(As an aside: this is not just a problem with the image chosen from Institut Nicod. Many iterations of the illusion face the same or similar infelicities. For example, in the three bottom arrows image on this Wikipedia image, you will see that a vertical dotted guideline is drawn which compares whole lines to line segments. This can be demonstrated by looking at the blue guidelines I superimposed on the image here.)

Can the illusion be redrawn, such that it avoids the linguistic confusion? Maybe. At the moment, though, I’m not entirely sure. Here is an unsatisfying reconstruction of the Nicod image, where both line segment and whole line are of identical length for both the top arrow and the bottom one:


Fig 3. Now the two lines are truly equal (both as whole lines and as segments).

Unfortunately, when it comes to Fig. 3., I find that I’m no longer able to confidently state that one line looks longer than the other. At least at the moment, the illusion has disappeared.

Part of the problem may be that I had to thicken the arrowheads of the topmost line in order to keep them equal, both as segments and as wholes. Unfortunately, the line thickening may have muddied the illusion. Another part of the problem is that, at this point, I’ve stared at Muller-Lyer illusions for so long today that I am starting to question my own objectivity in being able to judge lines properly.

[Edit 4/30: Suppose that other people are like me, and do not detect any illusion in (Fig. 3). One might naturally wonder why that might be.

Of course, there are scientific explanations of the phenomenon that don’t rely on anything quite like analytic philosophy. (e.g., you might reasonably think that the difference is that our eyes are primed to see in three dimensions, and that since the thicker arrows appear to be closer to the eye than the thin ones, it disposes the mind to interpret the top line as visually equal to the bottom one. No linguistic analysis there.) But another possibility is that our vision of the line segment is perceptually contaminated by our vision of the whole line, owing to the gestalt properties of visual perception. This idea, or something like it, already exists in the literature in the form of assimilation theory. If so, then we observers really do profit from making an analytic distinction between whole lines and line segments in order to help diagnose the causal mechanisms responsible for this particular illusion — albeit, not to make it disappear.

Anyway. If this were a perfect post, I would conclude by saying that linguistic analysis can help us shed light on at least some perceptual illusions, and not just dismantle paradoxes. Mind you, at the moment, I don’t know if this conclusion is actually true. (It does not bode well that the assimilation theory does not seem very useful in diagnosing any other illusions.) But if it did, it would be just one more sense in which analytic philosophy can help us to cope with our illusions, if not lose them outright.]

Dropping the Ball?

FBI Badge & gun.

FBI Badge & gun. (Photo credit: Wikipedia)

When it was learned that the FBI had checked up on  Tamerlan Tsarnaev and failed to predict that he would become radicalized, some politicians implied that the agency might have “dropped the ball.”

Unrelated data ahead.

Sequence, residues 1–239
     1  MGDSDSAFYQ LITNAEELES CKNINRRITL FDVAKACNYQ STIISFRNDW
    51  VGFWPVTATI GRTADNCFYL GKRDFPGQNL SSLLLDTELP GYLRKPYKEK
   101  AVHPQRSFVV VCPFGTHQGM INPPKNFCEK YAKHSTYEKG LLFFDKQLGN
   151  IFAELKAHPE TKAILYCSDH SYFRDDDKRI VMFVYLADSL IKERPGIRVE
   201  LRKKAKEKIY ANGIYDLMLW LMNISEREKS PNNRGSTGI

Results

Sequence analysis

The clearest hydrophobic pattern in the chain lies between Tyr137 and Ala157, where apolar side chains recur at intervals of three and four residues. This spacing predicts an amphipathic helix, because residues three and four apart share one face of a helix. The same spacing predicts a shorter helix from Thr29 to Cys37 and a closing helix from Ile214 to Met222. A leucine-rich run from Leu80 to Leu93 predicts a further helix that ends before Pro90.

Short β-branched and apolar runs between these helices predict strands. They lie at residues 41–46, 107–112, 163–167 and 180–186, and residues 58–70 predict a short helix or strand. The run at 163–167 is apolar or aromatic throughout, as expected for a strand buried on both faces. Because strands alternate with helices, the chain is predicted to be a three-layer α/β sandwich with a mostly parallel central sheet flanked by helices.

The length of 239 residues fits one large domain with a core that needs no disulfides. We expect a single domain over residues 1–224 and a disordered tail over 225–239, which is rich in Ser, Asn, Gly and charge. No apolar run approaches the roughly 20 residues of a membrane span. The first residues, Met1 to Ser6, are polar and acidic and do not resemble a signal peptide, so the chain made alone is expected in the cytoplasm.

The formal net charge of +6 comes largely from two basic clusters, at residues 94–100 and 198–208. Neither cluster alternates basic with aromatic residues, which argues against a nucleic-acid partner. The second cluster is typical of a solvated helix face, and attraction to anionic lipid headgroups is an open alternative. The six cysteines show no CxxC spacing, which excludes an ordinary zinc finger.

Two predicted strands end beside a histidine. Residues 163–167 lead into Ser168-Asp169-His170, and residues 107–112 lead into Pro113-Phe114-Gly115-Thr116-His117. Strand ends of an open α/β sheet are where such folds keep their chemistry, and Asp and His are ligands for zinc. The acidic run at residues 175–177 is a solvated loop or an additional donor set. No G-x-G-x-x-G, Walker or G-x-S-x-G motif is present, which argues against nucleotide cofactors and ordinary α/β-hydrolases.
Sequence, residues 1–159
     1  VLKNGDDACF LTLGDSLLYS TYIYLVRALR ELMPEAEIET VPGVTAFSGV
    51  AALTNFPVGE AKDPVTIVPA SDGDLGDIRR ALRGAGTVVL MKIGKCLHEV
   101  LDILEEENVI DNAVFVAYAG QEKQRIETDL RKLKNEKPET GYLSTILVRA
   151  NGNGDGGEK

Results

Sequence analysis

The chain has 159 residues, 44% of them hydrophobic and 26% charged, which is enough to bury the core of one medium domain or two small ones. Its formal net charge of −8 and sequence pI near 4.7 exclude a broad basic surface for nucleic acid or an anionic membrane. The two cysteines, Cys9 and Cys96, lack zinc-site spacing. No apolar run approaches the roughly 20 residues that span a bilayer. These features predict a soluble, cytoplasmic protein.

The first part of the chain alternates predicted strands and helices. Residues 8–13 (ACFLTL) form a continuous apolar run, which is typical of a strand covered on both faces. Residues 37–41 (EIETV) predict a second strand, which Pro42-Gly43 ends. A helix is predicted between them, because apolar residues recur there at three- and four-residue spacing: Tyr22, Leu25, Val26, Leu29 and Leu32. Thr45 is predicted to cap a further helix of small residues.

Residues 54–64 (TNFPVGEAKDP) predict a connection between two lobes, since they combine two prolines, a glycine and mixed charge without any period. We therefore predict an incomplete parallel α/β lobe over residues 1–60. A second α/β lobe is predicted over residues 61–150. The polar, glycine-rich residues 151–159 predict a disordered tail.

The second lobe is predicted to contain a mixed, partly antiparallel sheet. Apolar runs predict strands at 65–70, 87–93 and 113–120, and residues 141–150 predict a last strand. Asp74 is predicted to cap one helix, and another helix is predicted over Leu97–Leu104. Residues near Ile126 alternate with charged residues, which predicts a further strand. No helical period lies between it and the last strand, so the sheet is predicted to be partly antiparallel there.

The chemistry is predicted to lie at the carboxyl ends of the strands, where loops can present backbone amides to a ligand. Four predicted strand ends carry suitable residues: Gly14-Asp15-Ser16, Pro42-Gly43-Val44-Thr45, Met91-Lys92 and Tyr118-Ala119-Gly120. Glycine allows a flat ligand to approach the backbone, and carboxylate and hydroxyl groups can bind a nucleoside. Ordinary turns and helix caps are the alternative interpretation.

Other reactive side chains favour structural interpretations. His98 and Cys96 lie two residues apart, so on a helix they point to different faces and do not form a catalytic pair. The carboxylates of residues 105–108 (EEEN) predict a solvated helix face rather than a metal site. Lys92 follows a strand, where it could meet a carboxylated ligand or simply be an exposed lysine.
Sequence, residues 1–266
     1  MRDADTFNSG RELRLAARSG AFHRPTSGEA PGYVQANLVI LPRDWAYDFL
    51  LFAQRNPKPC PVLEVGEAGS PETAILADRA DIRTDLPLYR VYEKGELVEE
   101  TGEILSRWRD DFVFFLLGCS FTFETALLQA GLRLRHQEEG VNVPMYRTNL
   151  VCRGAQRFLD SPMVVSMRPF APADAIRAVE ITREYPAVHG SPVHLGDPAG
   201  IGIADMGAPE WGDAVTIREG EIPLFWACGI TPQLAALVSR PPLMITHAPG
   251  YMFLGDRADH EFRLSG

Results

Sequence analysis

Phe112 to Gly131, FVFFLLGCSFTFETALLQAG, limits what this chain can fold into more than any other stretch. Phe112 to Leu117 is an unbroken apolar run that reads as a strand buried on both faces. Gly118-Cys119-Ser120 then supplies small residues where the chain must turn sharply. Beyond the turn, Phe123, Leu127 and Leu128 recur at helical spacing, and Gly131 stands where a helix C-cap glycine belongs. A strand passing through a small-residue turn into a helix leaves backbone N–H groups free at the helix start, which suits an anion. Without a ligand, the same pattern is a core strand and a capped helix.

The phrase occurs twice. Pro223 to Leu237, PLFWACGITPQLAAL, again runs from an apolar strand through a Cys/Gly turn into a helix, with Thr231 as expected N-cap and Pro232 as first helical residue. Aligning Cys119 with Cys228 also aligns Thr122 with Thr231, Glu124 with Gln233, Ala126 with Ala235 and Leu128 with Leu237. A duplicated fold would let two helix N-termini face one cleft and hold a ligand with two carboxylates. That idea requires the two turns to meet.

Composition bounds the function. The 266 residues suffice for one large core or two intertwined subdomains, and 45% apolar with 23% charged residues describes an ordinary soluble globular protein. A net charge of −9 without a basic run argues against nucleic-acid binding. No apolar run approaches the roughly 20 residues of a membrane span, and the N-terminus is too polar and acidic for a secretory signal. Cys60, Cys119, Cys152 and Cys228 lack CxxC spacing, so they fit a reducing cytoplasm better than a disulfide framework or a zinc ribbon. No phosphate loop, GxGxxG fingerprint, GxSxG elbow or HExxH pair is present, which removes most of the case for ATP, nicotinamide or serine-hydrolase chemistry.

Given that Tamerlan Tsarnaev did apparently turn out to a threat, it is tempting to infer that the FBI did drop the ball. Now that it is known that he was a threat, people are going back and reconstructing the evidence that he had become radicalized, such as his YouTube links and his outburst at a Mosque.  However, this temptation should be resisted (unless evidence emerges to the contrary).

In regards to tracking people and predicting whether they will become a threat, the FBI faces two main philosophical challenges. The first is epistemic: that is, how do they know that a person will become a threat? This, as might be imagined, can be rather problematic. After all, as some commentators have noted, the FBI checks on many people every year and the vast majority of them do not turn out to be threats.

To use the obvious analogy, some people have mental health issues that might lead to serious violence, but the vast majority of such people never actually engage in such violence. When someone with such issues does engage in violence, people endeavor to backtrack and look for what was missed-and it always seems that the definitive evidence is never found. This might be because people have free will, because behavior is ultimately random, or because we lack the epistemic abilities to find the key evidence. Or something else entirely.

In the case of Tamerlan Tsarnaev, it might be found that there is no decisive evidence that would have revealed him to be on the (alleged) path to the bombing. That is, given the reasonably available evidence, perhaps the FBI lacked an adequate reason to expend its limited resources in tracking Tamerlan Tsarnaev in detail.

This possibility seems likely. As is often the case, the only definitive evidence that a person will engage in violence is when the person actually does so. Naturally, it would be rather useful to be able to definitively sort out the pre-criminals/terrorists before they act-but this is a rather difficult challenge given our capacity to know.

The second challenge is ethical and deals with such matters as the right to privacy and concerns about having a police state. While the state could keep closer checks on people who are even suspected of being potential wrong doers, there are obviously moral concerns with such an invasive state. The recent battle over expanding background checks for gun purchases showed the extent to which some people are concerned about matters of privacy and rights even in the context of public safety. After all, if there are significant concerns with expanding background checks for buying guns, then one can only imagine to concerns with having the FBI keeping close tabs on people on the basis of a foreign state making an inquiry about them and other such reasons.